Mark 4:26-34

1 Samuel 16:1, 6-13

With all of Jesse’s sons standing before him, the Lord tells Samuel, “I don’t judge as people judge.” God sees things very differently than we do, according to plans we don’t know. God started seeing this way long before this passage from 1 Samuel. Just before this passage, this part of the story starts with the Lord rejecting Saul as king, feeling sorry he’d done it. That’s not how we picture God, changing the divine mind as if this was a mistake all along, repenting as we do. But as the story goes, God chose for Saul to fail as king, to prove a point. The people asked for a king, and God gave the people the king they asked for.

Saul gets the short end of this story, because this is a story about David, about God’s faithfulness to Israel through him. This is the first part of David’s story: God chooses him to be king, using a kind of judgment humans don’t have. God sees more deeply into us, farther into our future, and more broadly into the world around us, than we can. That’s what make this makes moment of anointing – of David in our story, of the baptism we celebrated this morning, of all our baptisms – so big. We see here the sign of God doing something bigger than we can see in full. We see just a hint of a God who judges in ways that we can’t.

The Lord tells Samuel, “I look at the heart.” God judges our intentions and attempts, not what we actually manage to do. We know how to judge like this, a little. We know how to look at a poorly wrapped Christmas present and see a child’s desire to do it right. Love gives us those eyes, God’s love that sees into our hearts, and God sees even deeper than we are able to.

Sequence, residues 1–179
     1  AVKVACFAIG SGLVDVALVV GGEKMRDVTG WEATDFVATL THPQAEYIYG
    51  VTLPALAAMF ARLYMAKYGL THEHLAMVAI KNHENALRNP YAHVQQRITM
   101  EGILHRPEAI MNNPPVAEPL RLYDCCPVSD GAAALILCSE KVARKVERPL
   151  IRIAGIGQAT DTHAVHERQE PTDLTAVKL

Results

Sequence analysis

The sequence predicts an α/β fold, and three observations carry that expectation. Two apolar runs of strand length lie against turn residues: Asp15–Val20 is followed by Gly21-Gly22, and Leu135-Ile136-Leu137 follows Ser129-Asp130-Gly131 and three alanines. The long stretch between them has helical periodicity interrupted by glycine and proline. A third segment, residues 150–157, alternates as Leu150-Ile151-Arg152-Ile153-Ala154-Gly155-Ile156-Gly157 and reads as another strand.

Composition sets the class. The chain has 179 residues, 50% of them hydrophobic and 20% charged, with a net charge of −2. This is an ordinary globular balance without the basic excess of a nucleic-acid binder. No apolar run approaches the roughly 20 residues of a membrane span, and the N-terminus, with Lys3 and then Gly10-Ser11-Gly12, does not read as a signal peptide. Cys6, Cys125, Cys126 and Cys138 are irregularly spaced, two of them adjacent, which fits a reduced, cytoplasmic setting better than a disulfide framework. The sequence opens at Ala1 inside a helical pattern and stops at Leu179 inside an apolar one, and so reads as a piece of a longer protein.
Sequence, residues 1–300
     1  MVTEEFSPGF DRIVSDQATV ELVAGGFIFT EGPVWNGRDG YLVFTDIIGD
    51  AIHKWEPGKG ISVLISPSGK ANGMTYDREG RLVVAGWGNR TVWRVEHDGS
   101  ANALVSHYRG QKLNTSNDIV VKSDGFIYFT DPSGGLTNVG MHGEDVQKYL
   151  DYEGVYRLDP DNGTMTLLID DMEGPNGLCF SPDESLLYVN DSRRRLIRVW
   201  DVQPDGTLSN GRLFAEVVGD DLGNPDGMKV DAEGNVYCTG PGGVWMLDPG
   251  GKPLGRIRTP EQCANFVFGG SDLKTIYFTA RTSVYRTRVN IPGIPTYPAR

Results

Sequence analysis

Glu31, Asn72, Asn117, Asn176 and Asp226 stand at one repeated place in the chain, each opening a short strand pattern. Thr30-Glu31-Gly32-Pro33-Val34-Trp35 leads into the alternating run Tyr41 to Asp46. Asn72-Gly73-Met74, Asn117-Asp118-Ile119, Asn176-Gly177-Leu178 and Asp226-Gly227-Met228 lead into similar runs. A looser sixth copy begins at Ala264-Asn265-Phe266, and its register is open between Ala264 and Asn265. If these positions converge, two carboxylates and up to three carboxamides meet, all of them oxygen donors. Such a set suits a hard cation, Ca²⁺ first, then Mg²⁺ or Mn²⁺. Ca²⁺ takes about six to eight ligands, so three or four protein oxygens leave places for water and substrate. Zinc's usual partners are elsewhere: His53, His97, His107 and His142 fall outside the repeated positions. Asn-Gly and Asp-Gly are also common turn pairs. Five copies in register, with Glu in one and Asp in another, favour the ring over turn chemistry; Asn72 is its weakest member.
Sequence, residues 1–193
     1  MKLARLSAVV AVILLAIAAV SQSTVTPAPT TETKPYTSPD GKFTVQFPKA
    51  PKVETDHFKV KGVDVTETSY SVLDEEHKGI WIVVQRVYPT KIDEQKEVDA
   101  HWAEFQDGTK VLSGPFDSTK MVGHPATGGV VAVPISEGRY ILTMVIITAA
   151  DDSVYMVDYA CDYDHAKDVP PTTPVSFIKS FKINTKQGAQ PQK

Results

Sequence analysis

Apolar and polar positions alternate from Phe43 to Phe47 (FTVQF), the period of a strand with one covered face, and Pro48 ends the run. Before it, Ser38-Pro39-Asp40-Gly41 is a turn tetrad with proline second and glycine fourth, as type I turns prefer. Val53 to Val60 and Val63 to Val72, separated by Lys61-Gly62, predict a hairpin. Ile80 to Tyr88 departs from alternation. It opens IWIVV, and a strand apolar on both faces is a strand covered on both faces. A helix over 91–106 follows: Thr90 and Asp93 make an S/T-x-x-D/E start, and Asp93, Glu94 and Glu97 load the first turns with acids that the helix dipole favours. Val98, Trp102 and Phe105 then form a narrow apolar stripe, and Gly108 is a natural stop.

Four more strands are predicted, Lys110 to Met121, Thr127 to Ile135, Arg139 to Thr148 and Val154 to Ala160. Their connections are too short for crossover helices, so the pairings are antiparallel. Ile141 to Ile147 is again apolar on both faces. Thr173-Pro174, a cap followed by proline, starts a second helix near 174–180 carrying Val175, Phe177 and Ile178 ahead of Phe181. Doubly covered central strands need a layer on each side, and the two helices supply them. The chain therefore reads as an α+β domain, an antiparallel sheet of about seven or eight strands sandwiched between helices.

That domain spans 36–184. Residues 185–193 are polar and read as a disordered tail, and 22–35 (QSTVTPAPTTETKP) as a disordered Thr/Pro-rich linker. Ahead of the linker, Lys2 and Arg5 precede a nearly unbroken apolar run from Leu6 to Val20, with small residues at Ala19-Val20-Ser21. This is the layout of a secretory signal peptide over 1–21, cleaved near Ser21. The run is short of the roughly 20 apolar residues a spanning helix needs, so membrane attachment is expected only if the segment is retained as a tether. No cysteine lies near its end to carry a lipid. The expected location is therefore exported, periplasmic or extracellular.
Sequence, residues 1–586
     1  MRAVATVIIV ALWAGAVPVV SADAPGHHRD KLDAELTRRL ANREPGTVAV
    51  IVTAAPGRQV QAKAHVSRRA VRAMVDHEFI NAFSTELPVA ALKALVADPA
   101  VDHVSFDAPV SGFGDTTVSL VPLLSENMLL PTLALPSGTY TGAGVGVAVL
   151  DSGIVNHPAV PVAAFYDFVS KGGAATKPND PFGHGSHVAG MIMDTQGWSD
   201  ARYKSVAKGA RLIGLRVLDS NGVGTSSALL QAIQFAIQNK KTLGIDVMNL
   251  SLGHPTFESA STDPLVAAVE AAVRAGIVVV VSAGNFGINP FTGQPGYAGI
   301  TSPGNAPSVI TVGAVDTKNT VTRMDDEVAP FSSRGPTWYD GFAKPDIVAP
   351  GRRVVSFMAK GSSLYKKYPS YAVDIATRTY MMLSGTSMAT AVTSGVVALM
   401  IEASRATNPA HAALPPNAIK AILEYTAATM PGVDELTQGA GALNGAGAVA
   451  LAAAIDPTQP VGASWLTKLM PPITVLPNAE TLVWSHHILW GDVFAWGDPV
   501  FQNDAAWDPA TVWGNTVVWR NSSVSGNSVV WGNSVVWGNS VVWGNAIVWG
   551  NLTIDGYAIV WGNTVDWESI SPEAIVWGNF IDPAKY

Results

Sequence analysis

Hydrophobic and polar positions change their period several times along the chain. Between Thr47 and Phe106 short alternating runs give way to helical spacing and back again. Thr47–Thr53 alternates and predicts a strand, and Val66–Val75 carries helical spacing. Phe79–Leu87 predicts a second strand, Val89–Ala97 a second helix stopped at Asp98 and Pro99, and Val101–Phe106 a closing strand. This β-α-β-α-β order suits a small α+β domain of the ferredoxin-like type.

God sure saw deeper into David than we can. With our eyes, we might wonder just what it was God saw. David’s honorable intent, maybe? I’m not sure. David was maybe pretty good as kings go, but his intentions were sure not always honorable. He was, willfully, sometimes adulterous, murderous, and greedy. But God knows desires even deeper than those we act on, and She apparently saw David seeking God in spite of himself. She knows us in the same way, as children of God, needful of love and grace, despite all that we see of ourselves. If we’re like me, we fail even to want what’s best sometimes, but we try to want it – and God sees that.

God sees what we haven’t done yet, but we can. God sees what hasn’t come about yet, what we’ll grow into eventually. It’s safe to say the legendary king of Israel was underemployed as a shepherd, but God saw him in a new context. Shepherding is not a qualification to be king, but it is good training, even beyond the sling-shooting skills David used so well. God has this habit of using experiences we’d never put on a resume to prepare us for something bigger.

As Jesus put it, God sees seeds so small they’re as good as invisible and grows them into great trees that bear fruit. God sees how the story around us will change: what will till our soil, what will prune and shape us as we grow. I doubt David would have become king if Samuel hadn’t made such a show of things. God used a human agent to do what He was up to. In another world, maybe David would have been a great shepherd-poet, but God chose to make him something else, with human help. Samuel, David, and Jesse knew what that anointing meant, but only God saw what else would go into the story of his life.

Only God truly sees how deeply and creatively She loves us and what we’ll ultimately be made into. Only God knows what joys, sorrows, challenges, and teachings God wants to share with us. We don’t see how we’ll find our roots set deep in God’s being so we can bear great fruit. We see hints and signs: oil on a shepherd’s head, water on a baby’s head (or an old person’s). We see that surface and some distance beneath, but God sees right to the heart – a heart God loves.

That’s what it’s about when God anoints us in baptism: whatever else comes, we are God’s beloved people. Whatever else it looks like we achieve or fail to accomplish, God loves us with an undying love. Wherever we are, whatever we can imagine for selves, God is making more of us than we believe. Thanks be to God.